2. Both parties are French.  The Wife was born near Paris in August 1961 and is therefore 50 years of age.  Prior to the birth of the children, she was employed in the cosmetics industry and then in an advertising consultancy.  Since the arrival of the children, she has been a full-time housewife and mother.

3. The Husband is of Armenian descent but he was born in Paris in March 1958 and is therefore 53 years of age.  He worked in his family's business until 1987 when he joined VCF.  He has steadily risen up the ranks and is currently Managing Partner, private equity, based in Paris. 

4. Both parties are highly intelligent and very well educated.  The Wife obtained an MA from Dauphine University in Paris.  The Husband also attended Dauphine University where he obtained a Masters Degree in Finance and a DEA.  He later obtained an MBA from INSEAD. 

5. They met whilst the Husband was working in his family business.  They commenced a relationship in around 1985 and began to cohabit in the Wife's flat in Paris in 1990.  The relationship did not run entirely smoothly as there was a period in 1986 when the relationship was broken off and another in 1992, when the parties separated.  On each occasion this was for approximately six months.  These two periods of separation were both at the instigation of the Husband, who was not ready to commit fully to the relationship.  I accept that this was in part because of his parents' wish that he should settle down with an Armenian girl but I have no doubt it was not the only reason.

6. Nevertheless, on both occasions, the parties got back together and on 18th February 1994, they purchased their only matrimonial home in Paris, an apartment in the 17th arrondissement in their joint names, to the acquisition of which they contributed equally.  The Wife sold her flat to assist with the apartment's acquisition and the Husband additionally paid for the majority of the quite considerable refurbishment works.  The property is now valued at €1,685,775 and is free of mortgage. 

7. On 27th June 1994, they entered into a marriage contract under the "separation de biens" regime before two notaries and in accordance with French law (hereafter "the Agreement").  This is a very important feature of this case, to which I will return in due course.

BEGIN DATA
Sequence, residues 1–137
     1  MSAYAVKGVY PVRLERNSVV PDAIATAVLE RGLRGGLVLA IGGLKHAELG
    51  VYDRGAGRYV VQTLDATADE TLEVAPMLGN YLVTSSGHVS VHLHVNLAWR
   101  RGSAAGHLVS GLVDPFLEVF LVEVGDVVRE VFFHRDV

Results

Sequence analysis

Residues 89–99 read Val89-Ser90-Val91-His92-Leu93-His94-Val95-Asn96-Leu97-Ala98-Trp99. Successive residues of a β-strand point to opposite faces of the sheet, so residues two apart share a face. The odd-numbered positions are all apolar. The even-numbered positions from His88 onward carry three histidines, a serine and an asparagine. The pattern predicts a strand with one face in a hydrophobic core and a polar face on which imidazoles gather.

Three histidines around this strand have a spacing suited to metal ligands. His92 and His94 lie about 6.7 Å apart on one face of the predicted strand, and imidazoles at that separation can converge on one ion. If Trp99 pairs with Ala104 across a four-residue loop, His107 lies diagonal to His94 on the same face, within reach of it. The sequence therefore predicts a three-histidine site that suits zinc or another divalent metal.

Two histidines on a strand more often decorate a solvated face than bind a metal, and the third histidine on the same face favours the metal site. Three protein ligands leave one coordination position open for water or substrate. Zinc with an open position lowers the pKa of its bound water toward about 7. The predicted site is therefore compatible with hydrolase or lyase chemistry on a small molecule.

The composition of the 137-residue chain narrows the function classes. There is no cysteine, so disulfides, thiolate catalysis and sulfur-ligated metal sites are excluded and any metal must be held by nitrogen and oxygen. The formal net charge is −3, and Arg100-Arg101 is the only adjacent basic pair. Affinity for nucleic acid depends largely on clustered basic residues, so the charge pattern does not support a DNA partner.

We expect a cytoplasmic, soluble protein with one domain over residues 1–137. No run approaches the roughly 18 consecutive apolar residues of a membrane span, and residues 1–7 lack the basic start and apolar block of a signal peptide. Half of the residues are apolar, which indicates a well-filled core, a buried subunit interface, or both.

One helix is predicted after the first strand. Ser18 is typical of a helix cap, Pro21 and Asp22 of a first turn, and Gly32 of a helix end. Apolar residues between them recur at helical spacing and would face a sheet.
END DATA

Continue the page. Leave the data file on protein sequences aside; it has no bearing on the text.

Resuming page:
8. They married on 5th July 1994 in a civil ceremony in Paris.  Two years later, on 6th July 1996, they had a religious marriage at the Armenian Church in Paris with a Catholic Priest taking a part in the ceremony.

9. They have three children, now aged 14, 12 and 9, all of whom attend school at the Lycée in South Kensington. 

10. During the marriage, the parties purchased one further property, namely an investment property in Suresnes in January 1997.  The legal title and beneficial interests are held as to 85% to the Husband and 15% to the Wife.  This reflects the proportions of the purchase price that each contributed.  The purchase contract specifically refers to the marriage contract.

11. The family lived in the Paris apartment until the Husband was posted to Amsterdam in November 1998.  After the second child was born, the Wife and two elder children joined him in the Netherlands in around May 1999.  They lived in a rented property financed by VCF.  The youngest child was born in Holland.

12. In May 2002, the Husband's work in Amsterdam finished and the family returned to Paris.  In November 2006, the Husband was offered a promotion by VCF to Managing Partner, based in London.  Nevertheless, he remained in Paris until the end of the school year.

13. In June 2007, the parties discussed separation.  The Husband had formed a relationship with another woman but it is clear that he was undecided as to what he wanted for the future.  The Wife, on the other hand, was keen for the marriage to continue.  Nevertheless, both parties instructed French Avocats.  Draft separation agreements were prepared and exchanged by the parties themselves but no agreement was reached. 

14. On 31st August 2007, the parties moved to live in England.  They resided in a serviced apartment in one of the premier streets in London, SW7.  The rent was paid by VCF as part of the Husband's relocation package.

15. In November 2007, the parties discussed a three month trial separation, although it was not until February 2008 that the separation commenced.  Even then, it was a secret separation in the sense that the children were unaware of it.  The Husband moved into another apartment in the same building but returned to the family home every other week-end and, in April 2008, the family had a holiday together in Mauritius.  To explain the Husband's absences, the Wife told the children that their father was travelling more than before.  The Husband wanted to use the three months to decide on what he wanted to do in the future.  Before he left, he signed a letter dated 4th February 2008.  It is clear that there was a draft of this letter before it was signed.  The signed letter is in a slightly different form to the draft.  I will have to return to this letter in due course as its true meaning and importance have been in issue in the case.